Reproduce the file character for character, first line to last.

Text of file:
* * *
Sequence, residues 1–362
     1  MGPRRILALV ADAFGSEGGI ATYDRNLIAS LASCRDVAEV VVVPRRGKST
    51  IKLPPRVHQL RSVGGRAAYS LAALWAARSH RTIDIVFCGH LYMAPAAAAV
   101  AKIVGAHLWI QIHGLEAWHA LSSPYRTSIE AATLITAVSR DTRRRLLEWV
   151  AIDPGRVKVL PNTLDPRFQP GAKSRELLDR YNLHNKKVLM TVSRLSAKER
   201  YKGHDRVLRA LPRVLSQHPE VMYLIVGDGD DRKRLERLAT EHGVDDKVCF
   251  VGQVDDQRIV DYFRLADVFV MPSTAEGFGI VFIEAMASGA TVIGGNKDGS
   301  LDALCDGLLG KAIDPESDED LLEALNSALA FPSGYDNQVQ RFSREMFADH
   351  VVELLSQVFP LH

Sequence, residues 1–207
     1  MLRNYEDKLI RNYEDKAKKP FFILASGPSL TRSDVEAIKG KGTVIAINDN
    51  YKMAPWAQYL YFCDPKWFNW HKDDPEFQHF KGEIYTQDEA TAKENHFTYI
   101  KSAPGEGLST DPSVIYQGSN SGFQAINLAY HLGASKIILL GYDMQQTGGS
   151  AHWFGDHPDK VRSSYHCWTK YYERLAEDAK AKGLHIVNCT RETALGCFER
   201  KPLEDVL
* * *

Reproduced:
Sequence, residues 1–362
     1  MGPRRILALV ADAFGSEGGI ATYDRNLIAS LASCRDVAEV VVVPRRGKST
    51  IKLPPRVHQL RSVGGRAAYS LAALWAARSH RTIDIVFCGH LYMAPAAAAV
   101  AKIVGAHLWI QIHGLEAWHA LSSPYRTSIE AATLITAVSR DTRRRLLEWV
   151  AIDPGRVKVL PNTLDPRFQP GAKSRELLDR YNLHNKKVLM TVSRLSAKER
   201  YKGHDRVLRA LPRVLSQHPE VMYLIVGDGD DRKRLERLAT EHGVDDKVCF
   251  VGQVDDQRIV DYFRLADVFV MPSTAEGFGI VFIEAMASGA TVIGGNKDGS
   301  LDALCDGLLG KAIDPESDED LLEALNSALA FPSGYDNQVQ RFSREMFADH
   351  VVELLSQVFP LH

Sequence, residues 1–207
     1  MLRNYEDKLI RNYEDKAKKP FFILASGPSL TRSDVEAIKG KGTVIAINDN
    51  YKMAPWAQYL YFCDPKWFNW HKDDPEFQHF KGEIYTQDEA TAKENHFTYI
   101  KSAPGEGLST DPSVIYQGSN SGFQAINLAY HLGASKIILL GYDMQQTGGS
   151  AHWFGDHPDK VRSSYHCWTK YYERLAEDAK AKGLHIVNCT RETALGCFER
   201  KPLEDVL